The argument for widespread circumcision relies on the proposition that we face a public health crisis to which genital surgery is the only answer. The most prominent exponent of this view, Emeritus Professor Brian Morris, has described circumcision as "a biomedical imperative for the 21st century," and is never wanting pulpits from which to preach his gloomy message. As the American biologist P.Z. Myers points out, in a reply to to his latest offensive, there is nothing much new here; he has been peddling this sort of stuff for over a decade.
But whatever disease-related problems Africa faces, such as HIV – for which adult (not child) circumcision has been proposed – there is no evidence that any developed nation is threatened with any such crisis. Apart from its air of unreality, such "ten minutes to midnight" scare-mongering ignores the principles of risk management. This requires that a full assessment of consequence, likelihood, mitigation strategies and risk tolerance be undertaken before it is possible to reach any conclusions about the degree of risk inherent in taking or not taking certain actions. Individuals have different levels of risk tolerance, and they have the right to develop their own strategies for handling health risks, and striking the appropriate balance between dangers and pleasures. The health industry is not entitled to pre-empt their options.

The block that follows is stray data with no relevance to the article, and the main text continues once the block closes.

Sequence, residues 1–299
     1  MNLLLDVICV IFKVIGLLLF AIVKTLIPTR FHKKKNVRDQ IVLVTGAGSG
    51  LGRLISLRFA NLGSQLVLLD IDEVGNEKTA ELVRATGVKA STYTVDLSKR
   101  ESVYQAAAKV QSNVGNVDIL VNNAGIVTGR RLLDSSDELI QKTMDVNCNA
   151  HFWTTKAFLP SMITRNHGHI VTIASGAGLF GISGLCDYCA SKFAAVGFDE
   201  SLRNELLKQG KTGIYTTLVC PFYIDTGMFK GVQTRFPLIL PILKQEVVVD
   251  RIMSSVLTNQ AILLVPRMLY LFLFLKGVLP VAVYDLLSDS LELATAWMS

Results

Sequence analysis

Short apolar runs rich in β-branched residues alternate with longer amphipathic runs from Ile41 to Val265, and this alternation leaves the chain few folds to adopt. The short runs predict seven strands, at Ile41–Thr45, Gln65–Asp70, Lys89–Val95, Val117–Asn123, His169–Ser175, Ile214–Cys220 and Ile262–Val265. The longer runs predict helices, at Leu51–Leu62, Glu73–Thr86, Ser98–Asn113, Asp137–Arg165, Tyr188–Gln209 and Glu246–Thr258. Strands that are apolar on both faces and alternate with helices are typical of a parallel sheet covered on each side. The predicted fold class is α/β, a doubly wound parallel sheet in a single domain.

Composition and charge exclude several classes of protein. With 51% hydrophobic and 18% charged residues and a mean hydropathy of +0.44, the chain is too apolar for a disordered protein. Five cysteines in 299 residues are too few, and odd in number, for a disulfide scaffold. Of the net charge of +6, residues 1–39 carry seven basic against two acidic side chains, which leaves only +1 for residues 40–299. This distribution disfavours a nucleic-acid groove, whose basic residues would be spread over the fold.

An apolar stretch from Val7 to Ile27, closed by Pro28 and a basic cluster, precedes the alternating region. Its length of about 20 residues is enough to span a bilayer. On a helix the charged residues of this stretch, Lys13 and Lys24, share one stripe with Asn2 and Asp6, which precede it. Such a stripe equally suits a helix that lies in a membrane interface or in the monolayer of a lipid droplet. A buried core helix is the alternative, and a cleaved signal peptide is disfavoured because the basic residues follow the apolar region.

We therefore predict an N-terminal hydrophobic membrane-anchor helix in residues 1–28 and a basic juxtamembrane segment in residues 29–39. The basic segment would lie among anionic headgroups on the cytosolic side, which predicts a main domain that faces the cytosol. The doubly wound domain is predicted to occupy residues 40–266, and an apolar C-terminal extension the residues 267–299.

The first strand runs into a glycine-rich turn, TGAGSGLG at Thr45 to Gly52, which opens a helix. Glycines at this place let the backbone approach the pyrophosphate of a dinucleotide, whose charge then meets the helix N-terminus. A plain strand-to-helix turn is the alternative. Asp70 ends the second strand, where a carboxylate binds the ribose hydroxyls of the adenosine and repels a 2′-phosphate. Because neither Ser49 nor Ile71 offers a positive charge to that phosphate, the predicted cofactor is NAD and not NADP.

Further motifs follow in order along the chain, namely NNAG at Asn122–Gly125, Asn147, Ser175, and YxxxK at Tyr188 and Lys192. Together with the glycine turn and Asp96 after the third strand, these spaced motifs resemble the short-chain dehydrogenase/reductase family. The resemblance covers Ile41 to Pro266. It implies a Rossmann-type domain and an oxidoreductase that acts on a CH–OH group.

Circumcision advocates perform a subtle logical slide. They present a mass of data and claim that it is proof that parents should circumcise their baby boys. In fact, even if their data were valid, it is merely evidence that an adult male should consider getting himself circumcised. A few cautious males might make this choice, but since most men are understandably reluctant to sacrifice a sexually significant part of their own penis, the strategy of the circumcision lobby has been not to persuade men to circumcise themselves, but to pressure parents to circumcise their children. The problem here is that if an adult male would not elect such an operation for himself, it is ethically wrong to force it on somebody else merely because he lacks the power to resist.